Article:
Marshall, A. et al
After working tirelessly to save hundreds of endangered species on their wildlife conservation, married ecologists Mary Stallworth and Daniel McMorrow channeled Marie Kondo by decluttering and vowing to only keep an endangered species if it sparks joy.
“Before the clean, we were so overrun with wildlife that you couldn’t step anywhere without squishing something,” said Stallworth. “Plants and insects were haphazardly all over the roads, and none of the mammals were ever in the same place we put them!”
Stallworth and McMorrow followed Marie Kondo’s easy steps for decluttering, making a few adjustments to account for the conservation’s size. Starting with the forest, they went from habitat to habitat, piling every living creature in the middle of the ground, and sorting them into “extinct” and “preserve” piles.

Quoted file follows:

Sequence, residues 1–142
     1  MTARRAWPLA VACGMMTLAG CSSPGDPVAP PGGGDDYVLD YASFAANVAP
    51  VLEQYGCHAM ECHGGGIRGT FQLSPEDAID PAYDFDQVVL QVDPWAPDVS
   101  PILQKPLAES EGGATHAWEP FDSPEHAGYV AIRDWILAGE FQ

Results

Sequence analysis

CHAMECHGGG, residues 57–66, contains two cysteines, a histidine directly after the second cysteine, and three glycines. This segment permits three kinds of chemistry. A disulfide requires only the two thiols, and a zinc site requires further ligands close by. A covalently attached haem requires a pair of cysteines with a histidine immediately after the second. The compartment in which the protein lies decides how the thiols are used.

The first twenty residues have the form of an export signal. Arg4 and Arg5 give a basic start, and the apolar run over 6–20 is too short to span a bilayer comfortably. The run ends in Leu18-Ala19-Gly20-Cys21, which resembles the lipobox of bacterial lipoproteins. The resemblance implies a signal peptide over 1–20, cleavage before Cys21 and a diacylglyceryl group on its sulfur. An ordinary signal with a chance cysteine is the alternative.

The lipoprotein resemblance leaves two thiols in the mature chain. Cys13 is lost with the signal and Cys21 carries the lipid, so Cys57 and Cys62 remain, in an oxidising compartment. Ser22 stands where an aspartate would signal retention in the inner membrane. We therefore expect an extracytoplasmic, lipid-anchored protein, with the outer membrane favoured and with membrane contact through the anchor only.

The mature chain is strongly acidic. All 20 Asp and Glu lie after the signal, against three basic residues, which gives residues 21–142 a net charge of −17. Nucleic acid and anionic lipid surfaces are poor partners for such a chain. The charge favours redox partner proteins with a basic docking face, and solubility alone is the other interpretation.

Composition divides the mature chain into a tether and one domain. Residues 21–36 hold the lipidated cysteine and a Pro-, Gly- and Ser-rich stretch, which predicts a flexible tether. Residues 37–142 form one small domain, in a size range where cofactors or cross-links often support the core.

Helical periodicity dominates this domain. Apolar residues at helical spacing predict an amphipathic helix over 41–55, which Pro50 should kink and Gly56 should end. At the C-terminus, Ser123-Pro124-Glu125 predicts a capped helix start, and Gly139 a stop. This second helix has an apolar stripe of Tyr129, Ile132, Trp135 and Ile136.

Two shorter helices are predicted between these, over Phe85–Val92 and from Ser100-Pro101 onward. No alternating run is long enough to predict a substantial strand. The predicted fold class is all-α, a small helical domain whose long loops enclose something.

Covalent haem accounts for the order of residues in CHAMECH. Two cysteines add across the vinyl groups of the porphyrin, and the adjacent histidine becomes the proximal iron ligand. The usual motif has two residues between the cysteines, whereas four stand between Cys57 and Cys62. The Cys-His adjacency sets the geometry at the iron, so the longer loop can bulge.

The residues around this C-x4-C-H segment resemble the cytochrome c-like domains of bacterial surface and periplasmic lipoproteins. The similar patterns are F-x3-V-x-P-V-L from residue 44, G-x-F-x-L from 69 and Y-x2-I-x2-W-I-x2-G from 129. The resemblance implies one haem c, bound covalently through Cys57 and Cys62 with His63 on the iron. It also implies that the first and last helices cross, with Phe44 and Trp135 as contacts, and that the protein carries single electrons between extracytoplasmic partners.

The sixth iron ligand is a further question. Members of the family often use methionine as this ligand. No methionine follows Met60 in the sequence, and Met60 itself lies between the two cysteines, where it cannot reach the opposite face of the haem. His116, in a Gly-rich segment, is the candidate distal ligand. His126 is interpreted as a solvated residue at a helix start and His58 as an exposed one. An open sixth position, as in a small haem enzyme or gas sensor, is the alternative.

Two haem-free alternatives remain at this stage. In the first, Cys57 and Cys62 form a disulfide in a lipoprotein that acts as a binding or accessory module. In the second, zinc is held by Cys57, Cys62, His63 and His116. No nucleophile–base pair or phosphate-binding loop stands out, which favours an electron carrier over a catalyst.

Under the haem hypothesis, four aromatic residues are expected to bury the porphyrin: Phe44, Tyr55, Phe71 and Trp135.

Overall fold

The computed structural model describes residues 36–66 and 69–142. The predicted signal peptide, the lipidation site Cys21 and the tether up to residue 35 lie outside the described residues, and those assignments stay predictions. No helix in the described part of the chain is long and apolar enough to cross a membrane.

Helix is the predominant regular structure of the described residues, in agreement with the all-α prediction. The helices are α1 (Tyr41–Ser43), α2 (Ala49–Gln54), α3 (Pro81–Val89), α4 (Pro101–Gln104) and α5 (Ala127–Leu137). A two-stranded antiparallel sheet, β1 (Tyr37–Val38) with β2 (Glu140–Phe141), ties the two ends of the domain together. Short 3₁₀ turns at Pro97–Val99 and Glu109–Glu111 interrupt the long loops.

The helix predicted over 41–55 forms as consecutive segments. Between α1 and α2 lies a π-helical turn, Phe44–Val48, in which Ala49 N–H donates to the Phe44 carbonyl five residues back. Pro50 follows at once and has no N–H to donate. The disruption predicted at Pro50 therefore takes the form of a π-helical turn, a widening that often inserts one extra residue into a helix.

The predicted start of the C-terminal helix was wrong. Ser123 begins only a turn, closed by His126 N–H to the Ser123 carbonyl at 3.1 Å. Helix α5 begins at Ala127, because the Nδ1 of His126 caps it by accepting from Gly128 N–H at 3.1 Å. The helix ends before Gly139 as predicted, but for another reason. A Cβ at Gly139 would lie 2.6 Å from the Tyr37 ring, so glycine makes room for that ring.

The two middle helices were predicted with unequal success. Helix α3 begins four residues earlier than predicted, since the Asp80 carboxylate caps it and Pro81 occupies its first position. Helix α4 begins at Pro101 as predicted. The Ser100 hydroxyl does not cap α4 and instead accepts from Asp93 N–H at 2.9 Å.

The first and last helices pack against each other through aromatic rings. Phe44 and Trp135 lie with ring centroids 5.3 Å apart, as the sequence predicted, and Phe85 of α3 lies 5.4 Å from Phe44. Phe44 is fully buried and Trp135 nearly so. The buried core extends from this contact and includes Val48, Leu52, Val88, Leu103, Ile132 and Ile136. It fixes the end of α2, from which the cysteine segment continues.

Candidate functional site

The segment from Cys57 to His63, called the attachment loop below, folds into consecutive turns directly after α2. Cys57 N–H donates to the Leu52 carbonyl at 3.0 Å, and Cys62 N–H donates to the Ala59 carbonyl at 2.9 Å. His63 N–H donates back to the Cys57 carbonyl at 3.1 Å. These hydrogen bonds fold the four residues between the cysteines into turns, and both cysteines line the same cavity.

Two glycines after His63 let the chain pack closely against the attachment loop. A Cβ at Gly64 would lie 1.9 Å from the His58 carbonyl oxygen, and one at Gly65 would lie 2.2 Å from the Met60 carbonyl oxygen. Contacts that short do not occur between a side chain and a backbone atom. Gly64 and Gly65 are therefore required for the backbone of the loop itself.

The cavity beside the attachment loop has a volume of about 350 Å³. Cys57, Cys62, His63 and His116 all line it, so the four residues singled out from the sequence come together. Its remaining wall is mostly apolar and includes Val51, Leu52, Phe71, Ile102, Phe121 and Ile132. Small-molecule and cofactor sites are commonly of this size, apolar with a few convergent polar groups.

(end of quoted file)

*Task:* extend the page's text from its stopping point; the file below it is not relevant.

“We started with the large animals first, like giraffes and cheetahs, and worked our way down the food chain,” said Stallworth, “the amount was shocking when you laid them all out like that.”
“We ended up donating five bags of dolphins back to our local Seaworld,” said McMorrow. “They were an impulse-rescue from watching the BlackFish documentary, and we agreed that we’d rather enjoy the pool ourselves.”
In total they reduced the conservation’s biodiversity by a whopping 78%.
“Now we keep each species in a plain, unmarked box or a labelled drawer, and put them back immediately after we’re done using them. No more clutter!”